So now that we have covered the basics of what makes an element an element, what about how an element presents itself? For instance, most of life itself is carbon-based. This incredibly important element makes up the very foundational substance of the actual fabric of reality as humans know it. So, how is it that carbon can have so many different presentations? 

Even when it comes to the question of whether diamonds are an element - the interesting part of this question is that diamonds are only made up of carbon. So how can carbon be a foundational molecule in everything from hair follicles, plant stems and then also be the only element found in diamonds?

The answer: allotropes

Carbon Has Three Allotropes: Graphite, Charcoal and Diamond

An allotrope itself is simply a categorization given to how an element can exist in more than one state. To understand this, you have to know that elements were meant to exist as building blocks. This makes sense since all of the physical world is made up of these tiny atoms all working together to make a structural reality. Everything from the helical DNA that holds the blueprint of life all the way to the rubber in the tires on the cars that we drive is made up of atoms working together. 

When it comes to substances that are composed of simply one element it may seem interesting that they do not just have one way of presenting themselves. For instance, substances composed completely of carbon with no other elements can actually be present in three different ways. 

For carbon-based allotropes, these three different presentations are graphite (a black brittle substance,) charcoal (a chalky black substance), and diamonds (one of the hardest substances on the planet).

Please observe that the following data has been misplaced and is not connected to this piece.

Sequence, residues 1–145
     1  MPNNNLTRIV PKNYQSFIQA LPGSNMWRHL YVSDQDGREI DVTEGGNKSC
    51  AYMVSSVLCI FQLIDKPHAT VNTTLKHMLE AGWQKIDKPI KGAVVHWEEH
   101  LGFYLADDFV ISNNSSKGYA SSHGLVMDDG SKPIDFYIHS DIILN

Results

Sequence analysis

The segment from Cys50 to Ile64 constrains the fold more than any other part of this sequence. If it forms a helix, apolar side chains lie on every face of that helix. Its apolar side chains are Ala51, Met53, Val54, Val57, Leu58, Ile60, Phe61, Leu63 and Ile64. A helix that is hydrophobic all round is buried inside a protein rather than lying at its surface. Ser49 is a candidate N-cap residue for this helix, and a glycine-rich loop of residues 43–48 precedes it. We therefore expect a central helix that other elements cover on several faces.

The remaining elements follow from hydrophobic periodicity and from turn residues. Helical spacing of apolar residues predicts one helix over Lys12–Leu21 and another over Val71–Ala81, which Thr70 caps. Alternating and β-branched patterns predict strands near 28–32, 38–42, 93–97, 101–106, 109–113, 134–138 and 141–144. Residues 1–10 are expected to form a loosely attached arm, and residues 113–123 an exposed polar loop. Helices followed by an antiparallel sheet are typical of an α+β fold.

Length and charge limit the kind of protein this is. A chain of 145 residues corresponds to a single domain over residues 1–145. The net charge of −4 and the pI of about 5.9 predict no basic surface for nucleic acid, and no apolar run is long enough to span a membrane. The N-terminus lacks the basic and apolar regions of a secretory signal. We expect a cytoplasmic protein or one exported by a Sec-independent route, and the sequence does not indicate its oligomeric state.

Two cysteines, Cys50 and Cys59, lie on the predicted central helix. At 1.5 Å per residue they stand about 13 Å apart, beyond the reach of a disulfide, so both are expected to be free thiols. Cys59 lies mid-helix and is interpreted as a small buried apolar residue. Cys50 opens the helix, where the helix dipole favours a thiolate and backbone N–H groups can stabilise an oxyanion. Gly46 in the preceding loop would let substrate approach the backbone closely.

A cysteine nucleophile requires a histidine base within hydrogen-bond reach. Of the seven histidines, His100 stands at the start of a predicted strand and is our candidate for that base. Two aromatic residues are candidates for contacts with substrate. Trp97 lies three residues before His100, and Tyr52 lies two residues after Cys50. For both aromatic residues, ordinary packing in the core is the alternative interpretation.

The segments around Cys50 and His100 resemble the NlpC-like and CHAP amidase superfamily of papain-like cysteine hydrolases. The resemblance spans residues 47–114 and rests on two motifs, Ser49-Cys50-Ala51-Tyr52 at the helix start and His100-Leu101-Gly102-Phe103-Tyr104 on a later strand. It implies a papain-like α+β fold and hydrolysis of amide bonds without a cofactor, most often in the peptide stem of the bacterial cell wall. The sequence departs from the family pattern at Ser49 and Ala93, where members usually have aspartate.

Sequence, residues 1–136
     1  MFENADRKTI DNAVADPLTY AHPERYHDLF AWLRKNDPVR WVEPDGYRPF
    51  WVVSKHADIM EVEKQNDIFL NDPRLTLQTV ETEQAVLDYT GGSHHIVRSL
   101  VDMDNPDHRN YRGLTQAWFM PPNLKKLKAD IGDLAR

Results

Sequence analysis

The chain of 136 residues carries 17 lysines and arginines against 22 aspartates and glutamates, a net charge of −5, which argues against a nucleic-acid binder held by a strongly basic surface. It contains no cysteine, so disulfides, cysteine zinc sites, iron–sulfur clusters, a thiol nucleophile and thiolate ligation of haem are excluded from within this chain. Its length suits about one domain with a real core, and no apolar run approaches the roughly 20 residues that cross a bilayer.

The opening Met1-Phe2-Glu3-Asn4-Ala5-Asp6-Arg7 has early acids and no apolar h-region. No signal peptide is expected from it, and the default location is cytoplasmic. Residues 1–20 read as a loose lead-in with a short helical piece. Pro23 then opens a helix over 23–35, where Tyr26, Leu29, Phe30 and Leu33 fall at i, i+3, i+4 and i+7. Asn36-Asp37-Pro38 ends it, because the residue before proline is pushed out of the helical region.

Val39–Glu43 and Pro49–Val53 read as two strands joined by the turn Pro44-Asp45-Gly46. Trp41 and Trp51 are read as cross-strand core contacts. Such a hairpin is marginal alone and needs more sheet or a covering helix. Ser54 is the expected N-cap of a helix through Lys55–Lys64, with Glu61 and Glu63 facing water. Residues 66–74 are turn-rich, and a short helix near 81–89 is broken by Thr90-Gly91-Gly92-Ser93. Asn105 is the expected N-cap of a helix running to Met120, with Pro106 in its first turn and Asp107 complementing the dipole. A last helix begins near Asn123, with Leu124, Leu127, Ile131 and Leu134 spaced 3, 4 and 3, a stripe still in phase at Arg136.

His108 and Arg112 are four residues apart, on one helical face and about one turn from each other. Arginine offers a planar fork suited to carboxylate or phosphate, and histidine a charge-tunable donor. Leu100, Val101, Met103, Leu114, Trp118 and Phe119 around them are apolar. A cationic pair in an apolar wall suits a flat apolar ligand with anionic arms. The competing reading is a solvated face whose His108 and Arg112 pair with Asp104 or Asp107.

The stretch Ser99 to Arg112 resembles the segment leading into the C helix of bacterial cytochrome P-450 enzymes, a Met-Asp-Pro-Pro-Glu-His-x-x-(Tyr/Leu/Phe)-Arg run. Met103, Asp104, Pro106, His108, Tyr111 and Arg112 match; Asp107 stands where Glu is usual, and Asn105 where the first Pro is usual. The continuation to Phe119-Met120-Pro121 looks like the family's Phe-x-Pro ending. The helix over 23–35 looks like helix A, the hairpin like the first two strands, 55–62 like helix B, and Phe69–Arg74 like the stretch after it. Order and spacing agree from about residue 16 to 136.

But how does one element create three different substances that are so unique? If you have ever seen pure graphite you know what it’s massively different from a substance like charcoal and both are not recognizably related at all to diamond. So how can they all be large if not entirely made from carbon?

It’s All About Connecting

This comes down to the way in which the carbon atoms themselves are connected to each other. In order to have reality as it is currently known, atoms and elements need to work together. This happens through a complex interaction of magnetic and polar relationships between atoms. When atoms connect to each other they have the ability to change certain characteristics that make the substances they form unique. 

For carbon, it can change its structural shape between atoms in three different and unique ways when it comes to the three allotropes of carbon. Graphite, charcoal, and diamonds all exhibit unique carbon linking and this is the reason why these three substances can be composed of carbon but be so extremely different from each other. 


Graphite has a layered structure that is composed of rings made out of six carbon atoms each. These rings are layered and fitted together in such a way as to create the signature unique substance known as graphite. If you have ever used or touched graphite you know what this black substance is brittle and leaves behind a mark easily.

In fact, pencil lead has historically been made out of graphite because of its unique ability to leave markings and it’s safer to use than actual lead which has toxic qualities. 


Diamond is unique in that it is also composed 100% of pure carbon. The carbon molecules take on what is called a tetrahedral shape. This shape is unique in that it creates a kind of 3D structure that allows each carbon atom to be attached to four other carbon atoms. 

This kind of structure creates a couple of unique properties to diamond. First, a pure diamond that has no blemishes will be clear and completely colorless. Second, it creates a substance that is one of the hardest natural substances on the planet.  

So, Is Diamond an Element?

In short, the answer is no. The statement ‘diamond is an element’ is misleading as carbon itself is an element. While a diamond is composed of 100% of carbon with no other elements involved, it is not an element but simply an allotrope of the element carbon. 


Allotropes of carbon | BBC

carbon | Facts, Uses, & Properties | Britannica 

Diamond | Bris